A Turbulent Journey of Cryptocurrency: From Increasing Popularity to Declining Desirability

One of the most influential inventions in the past few decades is blockchain technology which led to the emersion of cryptocurrencies. Blockchain was first introduced by Stuart Haber and Scott Stornetta in the early 1990s, who were trying to resolve major issues related to digital information security by creating a block system that could prevent any modification, thus ensuring data integrity. However, this technology only became widely known in 2008 when Satoshi Nakamoto launched Bitcoin: the first generation of cryptocurrency as a peer-to-peer electronic cash system built on blockchain technology. Since then, blockchain has been growing rapidly, and cryptocurrencies’ emergence is considered a turning point that could radically transform the global financial regime. It became one of the hottest topics that stole much attention, not only from business entities but also from countless governments and international organizations. This article will further analyze the impacts of cryptocurrencies on the global political economy and the factors that led to their decline after 14 years of glory.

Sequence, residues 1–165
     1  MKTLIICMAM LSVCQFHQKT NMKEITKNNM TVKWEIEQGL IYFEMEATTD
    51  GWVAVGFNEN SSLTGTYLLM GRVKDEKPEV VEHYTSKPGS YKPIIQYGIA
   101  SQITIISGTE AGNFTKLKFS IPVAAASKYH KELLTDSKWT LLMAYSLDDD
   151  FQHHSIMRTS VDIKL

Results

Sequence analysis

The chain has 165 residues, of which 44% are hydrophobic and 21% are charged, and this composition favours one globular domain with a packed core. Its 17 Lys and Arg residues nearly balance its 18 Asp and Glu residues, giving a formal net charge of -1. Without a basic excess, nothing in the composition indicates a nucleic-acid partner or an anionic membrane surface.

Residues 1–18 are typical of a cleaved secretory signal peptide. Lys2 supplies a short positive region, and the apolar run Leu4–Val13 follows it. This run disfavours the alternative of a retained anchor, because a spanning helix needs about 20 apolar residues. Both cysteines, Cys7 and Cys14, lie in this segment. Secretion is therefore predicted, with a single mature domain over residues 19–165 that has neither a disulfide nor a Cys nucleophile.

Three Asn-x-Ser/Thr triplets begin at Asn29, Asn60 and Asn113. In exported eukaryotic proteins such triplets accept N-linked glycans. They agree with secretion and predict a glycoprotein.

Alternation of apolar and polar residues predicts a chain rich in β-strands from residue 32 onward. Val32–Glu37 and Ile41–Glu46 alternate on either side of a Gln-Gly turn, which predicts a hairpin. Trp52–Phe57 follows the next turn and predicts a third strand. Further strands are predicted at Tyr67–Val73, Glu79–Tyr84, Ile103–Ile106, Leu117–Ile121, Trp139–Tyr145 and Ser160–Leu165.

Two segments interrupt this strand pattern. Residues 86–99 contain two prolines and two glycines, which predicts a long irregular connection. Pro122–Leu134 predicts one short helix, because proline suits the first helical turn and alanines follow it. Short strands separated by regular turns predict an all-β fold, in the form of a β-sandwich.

Cryptocurrencies: A Disruption Towards Global Political Economy?

Cryptocurrencies have become digital currencies that can remove delicacies in conventional financial transactions by using blockchain technology at its core. Today’s financial dealings are solely dependent on the existence of trusted third parties, and implementing completely non-reversible transactions, for example, is nearly impossible to conduct in the current mechanism since financial institutions are likely unwilling to mediate the disputes due to its high costs. Therefore, there would be no guarantee of protection against fraud for producers and consumers when making any money settlements, as the whole process is based on trust. Instead of trust, cryptocurrencies adopted cryptographic proof: employed peer-to-peer networks using proof-of-work in recording the public history of transactions to prevent double-spending; thus, it would be impractical to reverse the transactions that had been made. This way, the possibility of fraud can be minimalized or even eliminated. Further, as the peer-to-peer network also functions to remove the usage of trusted third parties, the transaction fees can be set to the lowest point, which is 0.1 percent of the total transaction amount.